ANN ARBOR – The Ann Arbor Board of Education released a statement on Friday evening clarifying the details of next week’s vote after considerable uproar from some community members.
“At our meeting on Wednesday, February 17, 2021, the Ann Arbor Public Schools Board of Education voted to direct Superintendent Jeanice Kerr Swift to explore the feasibility of modifying its current Return to School Plan,” the Board clarified.
“The Board apologizes for any confusion this vote on Wednesday may have caused our community during an already stress-filled school year due to the pandemic. To be clear, we have not decided to remain in fully virtual instruction for the remainder of the year.”
According to the Board, the intent of the motion was to set a date for the students with the greatest needs to safely return to school buildings, help families plan for the remainder of the school year, assist parents and caregivers who have requested help with students’ learning and focus on an “enhanced summer program” and safe return in the fall.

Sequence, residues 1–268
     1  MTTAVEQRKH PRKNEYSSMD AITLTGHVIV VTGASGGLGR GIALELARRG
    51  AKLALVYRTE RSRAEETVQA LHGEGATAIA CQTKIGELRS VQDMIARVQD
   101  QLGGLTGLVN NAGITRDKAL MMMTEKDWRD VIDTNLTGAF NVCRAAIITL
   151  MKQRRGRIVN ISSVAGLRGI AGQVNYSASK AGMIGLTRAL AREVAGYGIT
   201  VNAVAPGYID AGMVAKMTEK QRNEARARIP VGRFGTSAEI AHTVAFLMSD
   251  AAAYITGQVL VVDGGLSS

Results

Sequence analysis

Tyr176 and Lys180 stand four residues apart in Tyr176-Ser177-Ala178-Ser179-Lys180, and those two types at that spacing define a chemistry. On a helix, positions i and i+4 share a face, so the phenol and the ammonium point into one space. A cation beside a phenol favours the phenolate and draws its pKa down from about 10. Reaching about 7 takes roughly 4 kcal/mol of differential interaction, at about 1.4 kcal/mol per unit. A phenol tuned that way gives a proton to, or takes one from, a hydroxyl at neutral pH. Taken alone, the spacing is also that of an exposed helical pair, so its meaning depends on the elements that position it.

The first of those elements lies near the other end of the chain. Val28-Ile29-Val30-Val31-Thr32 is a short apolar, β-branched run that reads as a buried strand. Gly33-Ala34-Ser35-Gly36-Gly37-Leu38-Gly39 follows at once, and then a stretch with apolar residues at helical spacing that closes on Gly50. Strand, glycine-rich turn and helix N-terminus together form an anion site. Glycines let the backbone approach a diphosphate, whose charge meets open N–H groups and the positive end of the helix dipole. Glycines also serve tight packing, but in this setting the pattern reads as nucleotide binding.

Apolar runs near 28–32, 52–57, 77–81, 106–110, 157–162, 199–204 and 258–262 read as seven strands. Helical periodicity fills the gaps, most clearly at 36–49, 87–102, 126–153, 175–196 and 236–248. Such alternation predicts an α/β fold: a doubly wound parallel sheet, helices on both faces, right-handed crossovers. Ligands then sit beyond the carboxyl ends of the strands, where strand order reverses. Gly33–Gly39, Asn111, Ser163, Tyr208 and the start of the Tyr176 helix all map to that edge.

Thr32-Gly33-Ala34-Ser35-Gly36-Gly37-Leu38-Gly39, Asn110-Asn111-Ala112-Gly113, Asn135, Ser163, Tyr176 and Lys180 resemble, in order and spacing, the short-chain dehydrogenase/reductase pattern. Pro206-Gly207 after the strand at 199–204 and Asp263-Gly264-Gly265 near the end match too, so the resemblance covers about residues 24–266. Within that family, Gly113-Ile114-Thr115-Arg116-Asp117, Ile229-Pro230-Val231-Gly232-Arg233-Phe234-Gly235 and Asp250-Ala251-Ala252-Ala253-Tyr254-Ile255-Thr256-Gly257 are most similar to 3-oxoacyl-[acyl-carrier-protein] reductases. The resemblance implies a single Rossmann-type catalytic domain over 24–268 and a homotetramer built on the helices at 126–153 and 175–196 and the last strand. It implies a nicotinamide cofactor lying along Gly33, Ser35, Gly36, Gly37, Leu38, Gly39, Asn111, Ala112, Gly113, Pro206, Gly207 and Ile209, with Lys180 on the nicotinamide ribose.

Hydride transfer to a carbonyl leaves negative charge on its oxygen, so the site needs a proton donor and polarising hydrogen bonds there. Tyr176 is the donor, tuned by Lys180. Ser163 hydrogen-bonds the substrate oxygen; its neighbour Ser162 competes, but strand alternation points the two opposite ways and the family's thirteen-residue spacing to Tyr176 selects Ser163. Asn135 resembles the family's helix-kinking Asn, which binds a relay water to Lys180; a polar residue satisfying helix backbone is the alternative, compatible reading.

“The Board’s vote did not change or alter the approved transition to hybrid-in school learning option,” read the statement.
Superintendent Swift will bring forward a recommendation at the Board’s next meeting on Wednesday, Feb. 24 to keep classes virtual for the majority of AAPS students through the end of the school year.
In response to the Board’s motion, parent group Ann Arbor Reasonable Return launched a GoFundMe on Thursday, raising more than its $30,000 goal in less than 24 hours to establish a political action committee. According to the organizer of that fundraiser, the group has signed with a “well-respected” law firm in Michigan.